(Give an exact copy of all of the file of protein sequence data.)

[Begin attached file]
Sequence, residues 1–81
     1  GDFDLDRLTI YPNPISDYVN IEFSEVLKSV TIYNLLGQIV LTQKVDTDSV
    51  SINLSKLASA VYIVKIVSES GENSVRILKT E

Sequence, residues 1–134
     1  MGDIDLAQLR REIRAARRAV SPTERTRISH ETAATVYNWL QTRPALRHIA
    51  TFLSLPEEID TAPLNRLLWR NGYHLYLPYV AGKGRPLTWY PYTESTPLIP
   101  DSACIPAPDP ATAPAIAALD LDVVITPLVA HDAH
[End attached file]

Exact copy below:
Sequence, residues 1–81
     1  GDFDLDRLTI YPNPISDYVN IEFSEVLKSV TIYNLLGQIV LTQKVDTDSV
    51  SINLSKLASA VYIVKIVSES GENSVRILKT E

Sequence, residues 1–134
     1  MGDIDLAQLR REIRAARRAV SPTERTRISH ETAATVYNWL QTRPALRHIA
    51  TFLSLPEEID TAPLNRLLWR NGYHLYLPYV AGKGRPLTWY PYTESTPLIP
   101  DSACIPAPDP ATAPAIAALD LDVVITPLVA HDAH